Will Europe pull together or come apart? We’ll look at stakes and consequences.
Everybody’s trying to figure out how to save their economy. The wild card in the deck right now is Europe. Just how wild is the question.
Part of it is about dreams. The dream of European union – which we’d come to see as settled fact – is back on the table. Part of it is about culture and politics. Can you put Germans and Greeks in the same pot and keep them there forever? Part of it is about fear of calamity. If Europe can’t find its fiscal footing, will it take down world banks, world markets, the struggling US economy?
This hour On Point: the trouble with Europe.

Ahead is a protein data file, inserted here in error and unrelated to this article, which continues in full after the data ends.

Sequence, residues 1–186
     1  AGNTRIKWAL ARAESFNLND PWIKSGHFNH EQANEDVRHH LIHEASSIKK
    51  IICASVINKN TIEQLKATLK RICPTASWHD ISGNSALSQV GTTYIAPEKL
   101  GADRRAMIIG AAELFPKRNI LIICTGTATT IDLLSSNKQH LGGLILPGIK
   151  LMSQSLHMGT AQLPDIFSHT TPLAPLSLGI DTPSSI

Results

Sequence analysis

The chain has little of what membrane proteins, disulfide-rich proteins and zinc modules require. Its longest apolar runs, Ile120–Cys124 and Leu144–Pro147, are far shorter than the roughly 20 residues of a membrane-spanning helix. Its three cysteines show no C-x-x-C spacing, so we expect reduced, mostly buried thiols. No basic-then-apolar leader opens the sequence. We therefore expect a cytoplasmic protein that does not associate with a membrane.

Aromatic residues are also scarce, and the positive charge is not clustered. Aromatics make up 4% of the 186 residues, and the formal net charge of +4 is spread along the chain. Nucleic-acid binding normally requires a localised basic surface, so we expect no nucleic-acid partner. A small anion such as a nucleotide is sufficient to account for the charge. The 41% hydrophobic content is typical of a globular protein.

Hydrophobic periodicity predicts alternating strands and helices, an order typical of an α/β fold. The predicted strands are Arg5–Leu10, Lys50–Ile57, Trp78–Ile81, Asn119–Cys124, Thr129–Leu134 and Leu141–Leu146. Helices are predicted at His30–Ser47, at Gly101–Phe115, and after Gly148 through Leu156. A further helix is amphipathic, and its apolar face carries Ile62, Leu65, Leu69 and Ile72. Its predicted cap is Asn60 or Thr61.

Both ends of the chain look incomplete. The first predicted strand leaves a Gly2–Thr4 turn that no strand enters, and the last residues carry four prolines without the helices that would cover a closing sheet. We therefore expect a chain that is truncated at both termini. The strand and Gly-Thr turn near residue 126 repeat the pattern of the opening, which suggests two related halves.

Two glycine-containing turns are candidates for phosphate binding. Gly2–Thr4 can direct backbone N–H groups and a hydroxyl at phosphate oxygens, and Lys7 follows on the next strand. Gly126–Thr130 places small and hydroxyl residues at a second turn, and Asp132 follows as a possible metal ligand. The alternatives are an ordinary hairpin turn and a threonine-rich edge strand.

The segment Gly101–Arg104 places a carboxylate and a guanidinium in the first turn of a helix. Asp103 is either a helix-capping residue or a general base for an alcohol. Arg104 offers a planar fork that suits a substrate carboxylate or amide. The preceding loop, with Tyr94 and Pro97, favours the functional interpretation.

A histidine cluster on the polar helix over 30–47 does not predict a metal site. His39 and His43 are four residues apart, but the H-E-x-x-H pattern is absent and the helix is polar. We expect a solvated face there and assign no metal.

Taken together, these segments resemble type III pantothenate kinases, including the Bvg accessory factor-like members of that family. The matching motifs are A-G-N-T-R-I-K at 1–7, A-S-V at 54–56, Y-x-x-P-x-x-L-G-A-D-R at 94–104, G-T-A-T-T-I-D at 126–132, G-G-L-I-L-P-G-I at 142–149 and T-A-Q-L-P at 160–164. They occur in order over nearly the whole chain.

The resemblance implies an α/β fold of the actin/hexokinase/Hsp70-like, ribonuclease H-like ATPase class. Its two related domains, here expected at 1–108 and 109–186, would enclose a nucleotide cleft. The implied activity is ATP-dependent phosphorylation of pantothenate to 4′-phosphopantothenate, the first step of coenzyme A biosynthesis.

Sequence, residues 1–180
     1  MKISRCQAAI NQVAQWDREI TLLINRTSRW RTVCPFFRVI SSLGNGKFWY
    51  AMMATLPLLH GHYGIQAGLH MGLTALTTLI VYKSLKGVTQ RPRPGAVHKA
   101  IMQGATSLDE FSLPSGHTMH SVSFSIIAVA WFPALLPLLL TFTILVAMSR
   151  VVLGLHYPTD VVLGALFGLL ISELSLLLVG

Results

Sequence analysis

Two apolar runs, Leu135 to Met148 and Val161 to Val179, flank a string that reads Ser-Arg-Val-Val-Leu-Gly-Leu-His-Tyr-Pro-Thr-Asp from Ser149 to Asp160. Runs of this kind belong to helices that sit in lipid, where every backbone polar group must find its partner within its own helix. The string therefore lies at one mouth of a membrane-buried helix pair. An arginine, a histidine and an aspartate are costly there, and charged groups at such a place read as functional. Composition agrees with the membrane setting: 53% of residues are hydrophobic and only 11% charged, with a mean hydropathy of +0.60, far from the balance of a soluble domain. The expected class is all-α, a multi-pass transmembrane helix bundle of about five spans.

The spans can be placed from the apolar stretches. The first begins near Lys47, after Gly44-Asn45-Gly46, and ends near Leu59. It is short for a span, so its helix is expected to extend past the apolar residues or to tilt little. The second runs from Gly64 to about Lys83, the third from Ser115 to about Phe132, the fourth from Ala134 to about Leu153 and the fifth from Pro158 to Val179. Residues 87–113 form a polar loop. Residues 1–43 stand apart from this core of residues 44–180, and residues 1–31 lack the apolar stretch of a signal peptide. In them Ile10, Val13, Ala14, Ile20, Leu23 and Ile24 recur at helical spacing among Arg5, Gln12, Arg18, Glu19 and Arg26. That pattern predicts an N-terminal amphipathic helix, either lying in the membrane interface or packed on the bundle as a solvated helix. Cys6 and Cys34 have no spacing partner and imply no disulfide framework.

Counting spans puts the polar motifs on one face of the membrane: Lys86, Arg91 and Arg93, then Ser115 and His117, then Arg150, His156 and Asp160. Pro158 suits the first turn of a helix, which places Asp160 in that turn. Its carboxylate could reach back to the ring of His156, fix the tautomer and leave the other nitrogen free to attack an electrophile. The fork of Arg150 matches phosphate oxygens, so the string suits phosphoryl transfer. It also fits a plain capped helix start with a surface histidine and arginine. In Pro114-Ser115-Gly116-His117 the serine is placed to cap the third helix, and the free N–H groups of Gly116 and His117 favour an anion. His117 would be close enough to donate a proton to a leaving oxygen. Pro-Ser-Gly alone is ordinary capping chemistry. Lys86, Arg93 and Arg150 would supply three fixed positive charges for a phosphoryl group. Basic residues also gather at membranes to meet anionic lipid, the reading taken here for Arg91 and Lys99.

Nicholas Kulish, Berlin bureau chief for the New York Times.
Jan Randolph, Director of Sovereign Risk, for the international consultancy IHS Global Insight.
Scheherazade Rehman, is Director of the European Union Research Center and a professor of International Finance and Business at George Washington University.
From Tom’s Reading List
The Wall Street Journal “The world’s leading central banks joined forces to offer Europe’s beleaguered banks easy access to dollars Thursday, acting to quell fears that the region’s lenders could fall victim to the euro-zone’s government debt crisis.”
Financial Times “Yet even if the European Union and International Monetary Fund pay up as expected, the funds may still not be enough to keep the country afloat.”
Associated Press “German Chancellor Angela Merkel says that “if the euro fails, Europe fails.” But as the debt crisis intensifies, the leader of Europe’s biggest economy is sticking to a course of gradual action that markets are losing faith in and refuses to take the radical measures some say are needed to keep the currency afloat.”